Maternal Self-Esteem Can Run Up and Down
Do you have a mental checklist about being a mother that’s impossible to live up to? Do you think you must be empathic and self-sacrificing while being a multi-tasking genius capable of understanding every stage of child development?
Do you struggle to meet all those impossible expectations? If you say, “Yes,” think again. Because that mother is far too rushed and preoccupied. Kids need mommies, not efficiency experts.
Being maternal is so individual. It means finding out who the YOU really is as a mother, so that you have an identity to share. Your child doesn’t need a maternal giant. He or she needs someone they can get to know and trust. If you don’t know who you are as a mother ‘cause you’re always on the move, how will they?
What is Maternal Self-Esteem?
We have a fantasy of the ideal mother. That imagined person is called an ideal because she’s who we aspire to become. We don’t need to fulfill all our aspirations. That’s not what they’re for. Aspirations are there to guide us.
Self-esteem is the difference between the real and the ideal. If who you actually are is very far, too far, from your ideal, you will be filled with self-doubt. Your self-esteem will be low. You may have to revise your fantasy mother-self into something that takes in more of the realities of your life and what children actually need so you treat your ideal self more kindly. When your real self comes closer to a warmly guiding ideal self, your self-esteem will rise.
6 Tips to Tolerating Disappointment and Frustration
Using Parental Intelligence
Remember ideals guide. They aren’t meant to judge and shame. Here are some suggestions to help you tolerate normal frustrations of everyday maternal life:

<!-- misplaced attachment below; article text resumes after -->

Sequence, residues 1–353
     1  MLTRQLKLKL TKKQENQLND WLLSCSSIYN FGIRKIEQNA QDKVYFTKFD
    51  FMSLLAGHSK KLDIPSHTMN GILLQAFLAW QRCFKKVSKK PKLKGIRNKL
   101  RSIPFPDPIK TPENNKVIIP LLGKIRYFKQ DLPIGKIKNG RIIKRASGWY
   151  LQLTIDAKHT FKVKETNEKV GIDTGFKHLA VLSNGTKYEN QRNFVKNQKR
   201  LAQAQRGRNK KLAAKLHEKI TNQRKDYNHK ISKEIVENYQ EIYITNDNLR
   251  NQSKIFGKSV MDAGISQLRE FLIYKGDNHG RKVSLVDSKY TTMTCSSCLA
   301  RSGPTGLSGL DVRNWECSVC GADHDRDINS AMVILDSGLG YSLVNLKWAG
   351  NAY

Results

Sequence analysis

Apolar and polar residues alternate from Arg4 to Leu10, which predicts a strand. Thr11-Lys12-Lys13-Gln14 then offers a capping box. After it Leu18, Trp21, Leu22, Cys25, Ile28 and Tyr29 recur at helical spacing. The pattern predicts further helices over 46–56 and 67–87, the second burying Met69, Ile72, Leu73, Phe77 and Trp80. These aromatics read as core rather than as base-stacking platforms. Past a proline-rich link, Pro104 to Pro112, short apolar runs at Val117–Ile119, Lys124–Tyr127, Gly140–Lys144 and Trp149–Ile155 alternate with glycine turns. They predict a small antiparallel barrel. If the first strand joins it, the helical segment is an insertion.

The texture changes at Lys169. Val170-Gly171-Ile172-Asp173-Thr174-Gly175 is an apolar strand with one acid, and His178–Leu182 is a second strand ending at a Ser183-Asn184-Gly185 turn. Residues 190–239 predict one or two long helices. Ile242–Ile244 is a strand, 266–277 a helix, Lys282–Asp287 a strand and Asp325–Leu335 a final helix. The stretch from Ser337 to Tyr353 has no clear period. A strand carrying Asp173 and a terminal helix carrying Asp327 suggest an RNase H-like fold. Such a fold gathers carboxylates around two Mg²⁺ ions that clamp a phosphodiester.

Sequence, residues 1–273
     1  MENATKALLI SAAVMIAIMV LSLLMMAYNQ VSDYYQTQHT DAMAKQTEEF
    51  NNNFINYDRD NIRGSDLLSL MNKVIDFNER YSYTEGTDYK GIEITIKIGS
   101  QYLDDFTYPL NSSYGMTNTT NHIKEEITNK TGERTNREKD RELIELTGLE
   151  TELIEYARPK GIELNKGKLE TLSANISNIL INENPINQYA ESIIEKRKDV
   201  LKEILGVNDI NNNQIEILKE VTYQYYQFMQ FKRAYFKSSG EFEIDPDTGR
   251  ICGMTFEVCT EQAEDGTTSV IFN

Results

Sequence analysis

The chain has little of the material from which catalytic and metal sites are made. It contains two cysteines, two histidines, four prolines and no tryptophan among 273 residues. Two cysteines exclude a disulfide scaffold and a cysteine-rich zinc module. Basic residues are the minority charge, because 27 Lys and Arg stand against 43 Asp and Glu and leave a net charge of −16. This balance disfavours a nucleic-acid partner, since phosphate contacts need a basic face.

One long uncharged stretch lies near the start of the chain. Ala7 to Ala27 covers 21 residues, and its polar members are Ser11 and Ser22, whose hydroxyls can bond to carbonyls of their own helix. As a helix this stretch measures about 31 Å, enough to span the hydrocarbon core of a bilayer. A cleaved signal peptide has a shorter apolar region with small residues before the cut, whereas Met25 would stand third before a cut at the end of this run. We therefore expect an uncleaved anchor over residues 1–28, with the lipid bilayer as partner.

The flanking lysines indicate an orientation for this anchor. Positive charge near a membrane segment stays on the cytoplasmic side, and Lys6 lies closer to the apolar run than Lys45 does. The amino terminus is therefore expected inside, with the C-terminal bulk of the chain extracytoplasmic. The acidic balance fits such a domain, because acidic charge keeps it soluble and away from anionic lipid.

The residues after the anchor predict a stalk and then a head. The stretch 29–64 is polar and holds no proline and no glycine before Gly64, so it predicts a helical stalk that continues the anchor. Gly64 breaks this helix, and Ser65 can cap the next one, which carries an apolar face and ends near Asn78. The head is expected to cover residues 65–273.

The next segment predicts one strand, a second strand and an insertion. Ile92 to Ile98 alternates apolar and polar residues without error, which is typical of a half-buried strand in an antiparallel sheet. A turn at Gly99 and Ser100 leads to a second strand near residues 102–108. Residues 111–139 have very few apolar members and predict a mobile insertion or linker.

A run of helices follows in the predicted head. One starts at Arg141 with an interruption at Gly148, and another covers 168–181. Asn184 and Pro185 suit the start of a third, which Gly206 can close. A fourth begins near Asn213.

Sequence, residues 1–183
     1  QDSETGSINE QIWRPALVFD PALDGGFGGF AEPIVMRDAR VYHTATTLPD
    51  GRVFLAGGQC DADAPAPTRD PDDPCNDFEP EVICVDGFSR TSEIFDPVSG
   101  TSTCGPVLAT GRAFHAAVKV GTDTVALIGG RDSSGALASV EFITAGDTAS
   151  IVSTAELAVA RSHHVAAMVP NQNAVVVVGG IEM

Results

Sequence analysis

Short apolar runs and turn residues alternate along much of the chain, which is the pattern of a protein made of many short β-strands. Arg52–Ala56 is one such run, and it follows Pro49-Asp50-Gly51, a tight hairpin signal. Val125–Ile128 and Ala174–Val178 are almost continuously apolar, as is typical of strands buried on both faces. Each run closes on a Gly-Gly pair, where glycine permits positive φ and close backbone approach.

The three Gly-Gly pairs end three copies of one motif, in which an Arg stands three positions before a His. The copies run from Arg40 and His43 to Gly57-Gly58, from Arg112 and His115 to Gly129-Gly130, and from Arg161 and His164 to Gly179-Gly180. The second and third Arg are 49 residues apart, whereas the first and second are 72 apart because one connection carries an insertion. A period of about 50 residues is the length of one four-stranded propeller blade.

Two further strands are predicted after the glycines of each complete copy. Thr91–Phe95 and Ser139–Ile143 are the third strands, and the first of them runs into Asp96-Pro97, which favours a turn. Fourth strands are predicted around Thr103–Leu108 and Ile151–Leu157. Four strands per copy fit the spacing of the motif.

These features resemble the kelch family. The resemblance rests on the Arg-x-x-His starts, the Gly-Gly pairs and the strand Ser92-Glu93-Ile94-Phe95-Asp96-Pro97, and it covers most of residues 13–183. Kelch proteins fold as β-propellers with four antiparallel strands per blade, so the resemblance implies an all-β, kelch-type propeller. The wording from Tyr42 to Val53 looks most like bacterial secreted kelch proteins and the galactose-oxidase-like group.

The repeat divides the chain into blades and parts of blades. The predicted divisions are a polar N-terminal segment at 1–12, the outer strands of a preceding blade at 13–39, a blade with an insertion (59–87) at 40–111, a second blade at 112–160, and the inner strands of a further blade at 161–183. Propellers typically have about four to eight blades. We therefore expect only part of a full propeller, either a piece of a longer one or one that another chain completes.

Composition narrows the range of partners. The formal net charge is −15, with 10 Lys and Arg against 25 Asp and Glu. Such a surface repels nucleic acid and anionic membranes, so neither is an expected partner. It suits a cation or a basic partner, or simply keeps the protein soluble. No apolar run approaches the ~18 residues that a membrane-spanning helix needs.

1. Make your daily check list reasonable and doable or you will be counting what you didn’t do, not what you did do. Thinking more about what’s most needed is prioritizing. That’s using Parental Intelligence
2. What you say is more important than what you do. It’s not about how much you fit in between getting up in the morning and putting kids to bed. It’s about how much you listen and respond to what your kids tell you when you’re with them. That’s using Parental Intelligence
3. Focus on what goes on inside you and inside your child. Then the externals won’t matter very much. That’s using Parental Intelligence.
4. Notice your child’s facial expressions as keys to their feelings, not if their back packs are organized perfectly and properly. That’s using Parental Intelligence
5. Notice how your child listens to you when you accept her thoughts and feelings and your confidence as a mother will rise. Once again, it’s using Parental Intelligence.
6. Remember that the end of the day snuggle is far more important than the momentary meltdown you didn’t know how to handle. You can rely on your Parental Intelligence
I don’t mean with massages and ice-cream (though that’s nice in the moment), but with emotional care. Recharge your batteries by having some adult listen to you. Or, if you’re more solitary, take that half hour for yourself with a cup of tea or music. It’s easier to keep giving when we also receive.
Give yourself credit for all you try to do as a mother. Reassess and revise your ideals as you come to understand them. Just save the parts that are most important: trusting in yourself and accepting who you are so your kids know whom they are grateful for: You.
Laurie Hollman, Ph.D.’s book Unlocking Parental Intelligence: Finding Meaning in Your Child’s Behavior, will be released October 13, 2015..